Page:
20. University of Rochester Medical Center [Internet]. Rochester (NY): University of Rochester Medical Center; c2021. Health Encyclopedia: What Do You Know About Alcohol Abuse?; [cited 2021 Feb 25]; [about 2 screens]. Available from: https://www.urmc.rochester.edu/encyclopedia/content.aspx?contenttypeid=40&contentid=AlcoholAbuseQuiz
  21. U.S. Department of Veterans Affairs [Internet]. Washington D.C.: U.S. Department of Veterans Affairs; T-ACE Screening Tool; [cited 2021 Feb 25]; [about 4 screens]. Available from: https://www.mirecc.va.gov/visn22/t-ace_alcohol_screen.pdf
  22. U.S. Preventive Services Task Force [Internet]. Rockville (MD): U.S. Preventive Services Task Force; Final Recommendation Statement: Unhealthy Alcohol Use in Adolescents and Adults: Screening and Behavioral Counseling Interventions; 2018 Nov 13 [cited 2021 Feb 25]; [about 3 screens]. Available from: https://uspreventiveservicestaskforce.org/uspstf/recommendation/unhealthy-alcohol-use-in-adolescents-and-adults-screening-and-behavioral-counseling-interventions
  23. Very Well Mind [Internet]. New York: About, Inc.; c2021. AUDIT or Alcohol Use Disorders Identification Test; 2020 Nov 27 [cited 2021 Feb 25]; [about 3 screens]. Available from: https://www.verywellmind.com/alcohol-use-disorders-identification-test-69492
  24. Very Well Mind [Internet]. New York: About, Inc.; c2021. Brief Interventions Effective for Some Drinking Problems; 2020 Oct 19 [cited 2021 Feb 25]; [about 3 screens]. Available from: https://www.verywellmind.com/brief-interventions-effective-for-some-drinking-problems-66590
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  27. World Health Organization [Internet]. Geneva (SUI): World Health Organization; c2021. Management of substance abuse: Screening and brief intervention for alcohol problems in primary health care; [cited 2021 Feb 25]; [about 4 screens]. Available from: https://www.who.int/substance_abuse/activities/sbi/en
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FAQs

What 3 tests can be used to detect alcohol? ›

About Alcohol Testing
  • Urine Alcohol Tests. A urine alcohol test (such as the EtG test) detects alcohol metabolites, which indicates that the person has recently consumed alcohol. ...
  • Breath Alcohol Testing. ...
  • Blood (PEth) Alcohol Tests. ...
  • Hair Alcohol Screening.

What is the most effective screening tool for alcohol misuse? ›

The Alcohol Use Disorders Identification Test (AUDIT) was most effective in identifying subjects with at-risk, hazardous, or harmful drinking (sensitivity, 51%-97%; specificity, 78%-96%), while the CAGE questions proved superior for detecting alcohol abuse and dependence (sensitivity, 43%-94%; specificity, 70%-97%).

What types of alcohol tests are there? ›

Three Types of BAC Testing
  • BAC Breath Test. Breath testing is the most common method used by law enforcement to estimate BAC because breath analysis devices, or breathalyzers, are lightweight, portable, and provide immediate results. ...
  • BAC Blood Test. ...
  • BAC Urine Test.

How do doctors test for alcoholism? ›

While there are no specific tests to diagnose alcohol use disorder, certain patterns of lab test results may strongly suggest it. And you may need tests to identify health problems that may be linked to your alcohol use. Damage to your organs may be seen on tests. Complete a psychological evaluation.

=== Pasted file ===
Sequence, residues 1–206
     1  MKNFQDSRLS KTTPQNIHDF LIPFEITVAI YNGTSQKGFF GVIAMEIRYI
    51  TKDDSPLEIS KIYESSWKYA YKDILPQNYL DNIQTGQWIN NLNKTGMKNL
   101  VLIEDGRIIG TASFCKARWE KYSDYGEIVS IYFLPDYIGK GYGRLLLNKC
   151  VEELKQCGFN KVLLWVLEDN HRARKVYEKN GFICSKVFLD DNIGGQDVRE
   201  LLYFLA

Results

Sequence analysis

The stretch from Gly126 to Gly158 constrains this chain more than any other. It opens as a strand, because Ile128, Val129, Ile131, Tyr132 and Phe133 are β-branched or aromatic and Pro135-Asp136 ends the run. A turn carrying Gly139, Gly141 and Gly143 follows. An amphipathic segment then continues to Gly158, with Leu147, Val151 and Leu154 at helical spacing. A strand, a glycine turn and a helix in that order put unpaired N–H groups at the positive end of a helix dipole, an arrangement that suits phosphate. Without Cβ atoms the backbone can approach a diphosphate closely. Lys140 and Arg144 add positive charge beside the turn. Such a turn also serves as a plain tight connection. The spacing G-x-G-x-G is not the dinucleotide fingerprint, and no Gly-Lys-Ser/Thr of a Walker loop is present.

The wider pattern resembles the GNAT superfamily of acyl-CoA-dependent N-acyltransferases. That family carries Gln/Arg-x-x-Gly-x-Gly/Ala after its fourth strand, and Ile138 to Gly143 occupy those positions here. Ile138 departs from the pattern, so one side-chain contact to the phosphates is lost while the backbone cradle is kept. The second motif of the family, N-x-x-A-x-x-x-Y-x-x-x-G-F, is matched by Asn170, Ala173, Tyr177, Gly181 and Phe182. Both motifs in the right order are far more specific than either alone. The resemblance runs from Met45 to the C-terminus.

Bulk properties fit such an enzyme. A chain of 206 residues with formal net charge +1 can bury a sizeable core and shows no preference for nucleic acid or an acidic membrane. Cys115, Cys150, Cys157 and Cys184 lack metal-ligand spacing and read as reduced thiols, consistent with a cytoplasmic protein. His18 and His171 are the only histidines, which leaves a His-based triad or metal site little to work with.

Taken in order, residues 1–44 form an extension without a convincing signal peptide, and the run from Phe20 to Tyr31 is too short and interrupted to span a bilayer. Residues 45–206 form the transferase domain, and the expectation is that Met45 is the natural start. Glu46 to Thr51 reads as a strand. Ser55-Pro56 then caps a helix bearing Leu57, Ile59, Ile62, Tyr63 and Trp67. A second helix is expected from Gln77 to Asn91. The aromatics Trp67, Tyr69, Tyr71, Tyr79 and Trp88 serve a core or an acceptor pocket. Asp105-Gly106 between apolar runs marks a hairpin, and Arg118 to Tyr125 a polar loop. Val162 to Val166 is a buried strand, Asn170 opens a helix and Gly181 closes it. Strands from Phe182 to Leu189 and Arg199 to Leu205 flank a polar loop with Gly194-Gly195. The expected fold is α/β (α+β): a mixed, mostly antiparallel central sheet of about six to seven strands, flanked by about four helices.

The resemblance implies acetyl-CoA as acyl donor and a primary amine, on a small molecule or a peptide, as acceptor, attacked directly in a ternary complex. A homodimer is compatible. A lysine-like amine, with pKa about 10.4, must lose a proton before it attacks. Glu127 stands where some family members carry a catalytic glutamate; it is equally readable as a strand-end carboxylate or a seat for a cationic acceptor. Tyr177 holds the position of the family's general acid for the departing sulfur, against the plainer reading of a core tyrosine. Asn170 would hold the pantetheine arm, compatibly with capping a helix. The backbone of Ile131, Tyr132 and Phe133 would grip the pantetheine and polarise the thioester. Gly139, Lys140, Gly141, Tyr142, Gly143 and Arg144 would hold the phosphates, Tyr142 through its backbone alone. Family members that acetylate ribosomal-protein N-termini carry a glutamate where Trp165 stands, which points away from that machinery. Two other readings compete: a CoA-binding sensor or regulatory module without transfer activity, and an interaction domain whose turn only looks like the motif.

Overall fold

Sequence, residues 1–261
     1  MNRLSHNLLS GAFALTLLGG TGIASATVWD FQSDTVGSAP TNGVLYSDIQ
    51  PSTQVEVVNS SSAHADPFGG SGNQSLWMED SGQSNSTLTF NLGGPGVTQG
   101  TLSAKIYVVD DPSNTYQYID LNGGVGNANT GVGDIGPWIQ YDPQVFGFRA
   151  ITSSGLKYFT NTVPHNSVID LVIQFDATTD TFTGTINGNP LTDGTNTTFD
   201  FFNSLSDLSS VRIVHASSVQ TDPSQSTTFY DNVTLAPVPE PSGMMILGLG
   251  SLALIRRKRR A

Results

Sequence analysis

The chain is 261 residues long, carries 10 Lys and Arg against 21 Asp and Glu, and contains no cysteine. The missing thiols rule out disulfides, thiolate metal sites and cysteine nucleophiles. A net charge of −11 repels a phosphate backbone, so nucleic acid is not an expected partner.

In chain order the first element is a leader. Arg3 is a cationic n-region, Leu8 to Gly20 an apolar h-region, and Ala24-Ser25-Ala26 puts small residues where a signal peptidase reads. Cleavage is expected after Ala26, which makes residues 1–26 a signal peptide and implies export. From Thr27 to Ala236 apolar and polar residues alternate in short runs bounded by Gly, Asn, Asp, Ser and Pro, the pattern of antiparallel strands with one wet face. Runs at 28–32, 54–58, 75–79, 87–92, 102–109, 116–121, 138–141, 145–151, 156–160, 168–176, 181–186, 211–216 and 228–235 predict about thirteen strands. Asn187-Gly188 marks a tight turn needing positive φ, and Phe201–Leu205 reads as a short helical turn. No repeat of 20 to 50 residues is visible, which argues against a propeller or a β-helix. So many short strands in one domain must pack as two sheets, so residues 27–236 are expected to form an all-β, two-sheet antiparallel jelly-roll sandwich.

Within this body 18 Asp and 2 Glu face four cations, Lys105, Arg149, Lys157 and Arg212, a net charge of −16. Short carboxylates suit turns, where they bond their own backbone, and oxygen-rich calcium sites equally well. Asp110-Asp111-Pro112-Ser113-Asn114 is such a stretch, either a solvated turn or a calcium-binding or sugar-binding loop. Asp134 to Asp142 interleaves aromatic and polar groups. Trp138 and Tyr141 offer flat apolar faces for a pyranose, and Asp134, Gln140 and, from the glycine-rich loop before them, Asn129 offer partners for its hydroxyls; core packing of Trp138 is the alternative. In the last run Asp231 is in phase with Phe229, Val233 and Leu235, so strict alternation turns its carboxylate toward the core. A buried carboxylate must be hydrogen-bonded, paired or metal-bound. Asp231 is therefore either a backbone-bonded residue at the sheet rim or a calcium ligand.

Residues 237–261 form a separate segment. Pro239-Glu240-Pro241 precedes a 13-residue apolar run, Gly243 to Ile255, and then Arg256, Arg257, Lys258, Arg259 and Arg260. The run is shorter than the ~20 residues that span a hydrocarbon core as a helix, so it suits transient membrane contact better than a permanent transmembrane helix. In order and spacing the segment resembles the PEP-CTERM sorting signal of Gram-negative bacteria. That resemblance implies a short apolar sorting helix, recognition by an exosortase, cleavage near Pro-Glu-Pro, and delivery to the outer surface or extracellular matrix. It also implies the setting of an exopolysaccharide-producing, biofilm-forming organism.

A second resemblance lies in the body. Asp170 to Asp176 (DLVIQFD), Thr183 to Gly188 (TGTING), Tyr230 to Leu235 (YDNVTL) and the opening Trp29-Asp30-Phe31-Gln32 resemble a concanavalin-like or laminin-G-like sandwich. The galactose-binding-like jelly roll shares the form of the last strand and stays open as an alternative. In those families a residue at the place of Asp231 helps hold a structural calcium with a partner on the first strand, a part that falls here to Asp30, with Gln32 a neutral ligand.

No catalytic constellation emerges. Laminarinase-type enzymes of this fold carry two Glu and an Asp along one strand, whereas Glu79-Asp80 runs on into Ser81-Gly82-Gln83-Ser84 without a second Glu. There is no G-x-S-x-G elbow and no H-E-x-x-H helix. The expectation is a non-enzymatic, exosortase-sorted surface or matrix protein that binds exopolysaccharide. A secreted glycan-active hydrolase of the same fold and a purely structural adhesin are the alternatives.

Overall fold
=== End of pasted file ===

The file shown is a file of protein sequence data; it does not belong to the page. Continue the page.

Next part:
What is an alcohol screening test? ›

Alcohol use screening tests are questionnaires designed to find out if you have alcohol use disorder (AUD). AUD is a pattern of excessive drinking that can cause serious problems in your work, relationships, and health. AUD can be mild, moderate, or severe.

How far back can a blood test show alcohol? ›

Alcohol detection tests can measure alcohol in the blood for up to 6 hours, on the breath for 12 to 24 hours, urine for 12 to 24 hours (72 or more hours with more advanced detection methods), saliva for 12 to 24 hours, and hair for up to 90 days.

Will a routine blood test show alcohol? ›

The short answer is yes: blood testing can show heavy alcohol use.

Which liver function test shows alcohol abuse? ›

Gamma–Glutamyltransferase

Elevated serum GGT level remains the most widely used marker of alcohol abuse.

How would you test for the presence of alcohol in a liquid? ›

The presence of an alcohol can be determined with test reagents that react with the -OH group. The initial test to identify alcohols is to take the neutral liquid, free of water and add solid phosphorus(V) chloride. A a burst of acidic steamy hydrogen chloride fumes indicate the presence of an alcohol.

Can a regular blood test detect alcohol? ›

Blood: Alcohol is eliminated from the bloodstream at about 0.015 per hour. Alcohol can show up in a blood test for up to 12 hours. Urine: Alcohol can be detected in urine for up 3 to 5 days via the ethyl glucuronide (EtG) test or 10 to 12 hours via the traditional method.

Which liver function test shows alcohol abuse? ›

Gamma–Glutamyltransferase

Elevated serum GGT level remains the most widely used marker of alcohol abuse.

What liver tests show alcohol damage? ›

Gamma-glutamyl transpeptidase test.

This test is often performed to assess liver function, to provide information about liver diseases, and to detect alcohol ingestion.